Who Can See Your iCloud Photos? A Privacy Guide
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If you use an iPhone or tablet, you are likely using the iCloud photo-storing service by default. However, you might wonder, who can see these photos?
Can anyone see my iCloud photos?
According to the Apple Support Forum, only you or the people you authorize by sharing your password with can see photos on your iCloud. However, the snaps taken that go to your Photo Stream may still be susceptible to hacking – fortunately, a few security-related fixes can prevent this.
I’ll answer that question in depth and provide some practical tips for keeping your online data secure. We amalgamated information from Apple Support and tech forums to find the answer to this question as well as how to store your photos safely. Let’s get into it below.
Who Can See My iCloud Photos?
Data and information theft are one of the most serious threats we face in our increasingly digital world.
With the rise of cloud computing, more and more of our data is stored on remote servers that can be accessed anywhere with an internet connection.
So if you’re considering taking advantage of the convenience afforded by smartphone services like iCloud, you should be asking yourself: who can see my iCloud photos?
What Is A Photo Stream
You may have heard the term “Photo Stream ” when you set up your iPhone or go to Apple Support to determine who has access to your data. According to PCMag, your Photo Steam is a feature of Apple’s iCloud service, It conveniently synchronizes photos on all of your Apple mobile devices, M
acs, PCs and even Apple TV.
What does this mean? A sync of your photos on all devices happens when a photo is taken on an iPhone or another Apple device and is uploaded to iCloud.
It’s then automatically shared on your other Photo Stream enabled devices, creating a convenient way to hop around your tech and find your information without having to keep sending and redownloading.
What’s The Difference Between A Photo Stream and iCloud
The two terms – Photo Stream and iCloud Photo Library – are often used interchangeably in Apple device vernacular. However, they do have a nuanced difference. While they have a similar function, they have inherently different purposes.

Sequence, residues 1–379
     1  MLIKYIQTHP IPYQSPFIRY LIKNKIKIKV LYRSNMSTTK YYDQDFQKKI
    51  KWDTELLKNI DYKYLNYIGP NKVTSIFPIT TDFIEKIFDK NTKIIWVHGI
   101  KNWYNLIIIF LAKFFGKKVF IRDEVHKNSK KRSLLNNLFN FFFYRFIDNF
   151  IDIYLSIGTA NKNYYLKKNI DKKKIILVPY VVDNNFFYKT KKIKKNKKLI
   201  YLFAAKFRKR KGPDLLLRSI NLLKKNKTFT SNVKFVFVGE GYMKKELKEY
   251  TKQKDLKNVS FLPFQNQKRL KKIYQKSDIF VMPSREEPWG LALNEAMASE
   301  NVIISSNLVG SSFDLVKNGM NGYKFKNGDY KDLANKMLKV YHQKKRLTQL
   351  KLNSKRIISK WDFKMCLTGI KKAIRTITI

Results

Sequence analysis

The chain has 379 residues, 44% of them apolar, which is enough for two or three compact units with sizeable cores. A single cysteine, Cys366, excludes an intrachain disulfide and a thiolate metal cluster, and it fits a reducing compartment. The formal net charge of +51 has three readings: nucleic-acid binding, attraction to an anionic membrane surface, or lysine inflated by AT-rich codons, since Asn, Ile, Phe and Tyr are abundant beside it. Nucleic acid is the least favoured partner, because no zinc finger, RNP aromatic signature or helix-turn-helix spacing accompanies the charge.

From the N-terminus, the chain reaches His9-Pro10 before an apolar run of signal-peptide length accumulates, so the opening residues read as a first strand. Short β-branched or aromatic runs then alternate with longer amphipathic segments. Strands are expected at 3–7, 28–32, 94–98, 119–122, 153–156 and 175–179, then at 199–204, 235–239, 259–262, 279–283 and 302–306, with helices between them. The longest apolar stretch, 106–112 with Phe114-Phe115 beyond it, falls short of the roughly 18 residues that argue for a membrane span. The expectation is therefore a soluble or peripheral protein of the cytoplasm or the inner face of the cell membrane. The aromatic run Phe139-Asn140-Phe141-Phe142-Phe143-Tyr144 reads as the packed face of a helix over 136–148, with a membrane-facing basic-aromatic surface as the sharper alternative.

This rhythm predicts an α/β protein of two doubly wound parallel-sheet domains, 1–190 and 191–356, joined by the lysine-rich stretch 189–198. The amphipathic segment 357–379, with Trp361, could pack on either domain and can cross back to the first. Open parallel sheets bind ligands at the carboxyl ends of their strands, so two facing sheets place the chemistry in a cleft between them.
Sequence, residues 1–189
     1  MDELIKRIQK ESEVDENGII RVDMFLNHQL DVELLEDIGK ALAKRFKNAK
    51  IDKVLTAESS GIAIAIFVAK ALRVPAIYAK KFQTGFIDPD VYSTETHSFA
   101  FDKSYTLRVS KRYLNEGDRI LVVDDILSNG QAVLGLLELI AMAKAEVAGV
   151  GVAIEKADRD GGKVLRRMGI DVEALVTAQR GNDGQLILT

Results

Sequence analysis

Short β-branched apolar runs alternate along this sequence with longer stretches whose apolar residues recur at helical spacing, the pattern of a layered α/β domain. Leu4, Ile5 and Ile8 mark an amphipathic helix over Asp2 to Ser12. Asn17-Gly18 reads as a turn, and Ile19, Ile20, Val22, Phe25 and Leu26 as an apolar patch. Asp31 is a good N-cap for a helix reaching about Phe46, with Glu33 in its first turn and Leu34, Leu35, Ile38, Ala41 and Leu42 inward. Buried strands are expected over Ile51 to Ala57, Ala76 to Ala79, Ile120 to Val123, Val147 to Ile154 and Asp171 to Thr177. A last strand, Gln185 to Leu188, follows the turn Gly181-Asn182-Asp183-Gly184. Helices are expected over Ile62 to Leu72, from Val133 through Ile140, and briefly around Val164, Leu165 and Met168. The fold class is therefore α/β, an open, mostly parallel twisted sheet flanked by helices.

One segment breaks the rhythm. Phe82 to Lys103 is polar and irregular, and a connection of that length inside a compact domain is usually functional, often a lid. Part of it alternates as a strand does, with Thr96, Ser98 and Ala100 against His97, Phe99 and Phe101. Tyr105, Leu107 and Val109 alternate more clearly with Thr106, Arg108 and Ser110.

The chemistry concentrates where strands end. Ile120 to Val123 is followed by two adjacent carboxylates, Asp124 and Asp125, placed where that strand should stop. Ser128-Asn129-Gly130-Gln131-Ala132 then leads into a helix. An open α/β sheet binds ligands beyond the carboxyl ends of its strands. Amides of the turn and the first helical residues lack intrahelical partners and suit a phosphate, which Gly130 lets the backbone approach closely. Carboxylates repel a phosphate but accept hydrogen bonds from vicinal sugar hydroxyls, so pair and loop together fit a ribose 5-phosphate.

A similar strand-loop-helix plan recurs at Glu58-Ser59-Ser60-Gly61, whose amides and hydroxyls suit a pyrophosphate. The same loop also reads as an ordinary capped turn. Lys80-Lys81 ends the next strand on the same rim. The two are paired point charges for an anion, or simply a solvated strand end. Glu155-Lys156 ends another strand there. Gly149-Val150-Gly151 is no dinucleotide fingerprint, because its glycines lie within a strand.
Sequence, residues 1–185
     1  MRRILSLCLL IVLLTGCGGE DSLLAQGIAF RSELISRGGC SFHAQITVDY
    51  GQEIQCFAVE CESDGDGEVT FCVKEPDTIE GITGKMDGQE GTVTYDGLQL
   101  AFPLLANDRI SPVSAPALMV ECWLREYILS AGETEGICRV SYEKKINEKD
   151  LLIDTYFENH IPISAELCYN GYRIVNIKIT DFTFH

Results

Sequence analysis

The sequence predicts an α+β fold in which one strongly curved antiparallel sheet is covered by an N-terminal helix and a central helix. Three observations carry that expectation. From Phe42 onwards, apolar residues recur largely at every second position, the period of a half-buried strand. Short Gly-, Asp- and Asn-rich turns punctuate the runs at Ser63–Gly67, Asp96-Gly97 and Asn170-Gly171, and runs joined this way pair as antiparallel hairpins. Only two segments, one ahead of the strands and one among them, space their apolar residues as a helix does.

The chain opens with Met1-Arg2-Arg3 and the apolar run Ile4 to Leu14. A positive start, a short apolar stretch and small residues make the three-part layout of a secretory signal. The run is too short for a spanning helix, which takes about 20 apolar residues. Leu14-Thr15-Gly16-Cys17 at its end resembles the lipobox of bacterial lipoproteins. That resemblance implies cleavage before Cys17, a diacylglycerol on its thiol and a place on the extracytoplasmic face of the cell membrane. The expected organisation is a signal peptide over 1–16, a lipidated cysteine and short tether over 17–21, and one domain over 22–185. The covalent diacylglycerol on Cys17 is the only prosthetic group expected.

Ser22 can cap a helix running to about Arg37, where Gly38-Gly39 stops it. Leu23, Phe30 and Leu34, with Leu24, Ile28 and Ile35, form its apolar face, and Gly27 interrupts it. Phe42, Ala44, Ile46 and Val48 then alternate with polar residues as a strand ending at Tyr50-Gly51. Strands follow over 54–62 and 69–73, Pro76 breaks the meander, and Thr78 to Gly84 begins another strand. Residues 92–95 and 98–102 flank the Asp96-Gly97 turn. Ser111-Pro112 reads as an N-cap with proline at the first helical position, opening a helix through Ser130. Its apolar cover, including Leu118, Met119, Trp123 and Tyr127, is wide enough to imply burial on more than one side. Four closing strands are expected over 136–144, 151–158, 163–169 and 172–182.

The Photo Stream on your Apple devices allows you to sync pictures between iPads, iPhones, and Mac computers.
This gives you great versatility to have access to your digital media no matter what device you are using. In addition, photos that exist in your stream don’t count towards your overall iCloud storage allowance (usually only up to 5GB).
Instead your Photo Stream backs up only 30 days or your last 1000 photos on your device.
While this doesn’t have the capacity to store all of your photos, it is a great stop gap against total loss in case they have not yet been backed up to your iCloud.
On the other hand, an iCloud Photo Library serves as an automatic (if you set it up this way) backup of your digital media.
It is insurance in case one or more of your devices is damaged and keeps your photos safely in the “cloud.”
Privacy With iCloud – Who Has Access?
Your iCloud is protected by password control and Apple’s bespoke encryption services. However, it is not totally foolproof from security breaches and hackers.
The tech giant has made great efforts to ensure data storage is safe for the 1.2 billion iPhone users in the world by using end to end encryption.
Strictly speaking, anything stored in your iCloud, including photos, is protected by encryption in transit and then stored safely using encryption keys.
These keys are then stored in servers. Without them, files can not be decrypted.
Unless you invite someone to see a shared photo or folder, no one will be able to see your collection of pictures stored in the iCloud.
Do iCloud Breaches Happen
iCloud is the most used photo sharing and storage service on earth. There have been breaches, including a notable one in 2014 that saw dozens of celebrities having private photos leaked to the media.
Since then, Apple has implemented extra security protocols.
- Apple has increased its use of the “two step verification” process. It requires an additional step after each time a person enters their username and password information on a device they have not used before.
- A four digit “verification code” will be sent to another trusted device if logging on from an unrecognizable device.
- If that code is entered incorrectly, then access is denied to iCloud, and a block is put in place, after which an iCloud account can only be used after entering a 14 digit recovery code.
How To Keep Your iCloud Photos Safe
There are several ways you can take the security of your iCloud photos into your own hands. Follow these tips below to prevent a breach of your privacy.
- Activate Two Step Authentication. While admittedly not the most convenient when you need quick and easy access to your account, it will save you the headache of having your media stolen or deleted.
- Create a strong password. You’ve heard it before, but the less logical the better. Pets names, birthdays, and the classic “password123” for your password won’t help you. Combinations of letters, numbers, and symbols. Also, use at least eight characters and combine upper and lower case letters for the strongest password.
- Fake answers. This may sound counterintuitive, but if your personal information is easy to find online, it’s best to make up answers for easy to find information.
- Only you can see the photos on your iCloud when you keep your password protected.
- The only other people with access are those you give directly shared access to.
- Security breaches do happen, but Apple is working hard to prevent them.
- You can protect yourself by using two step authentication and strong passwords.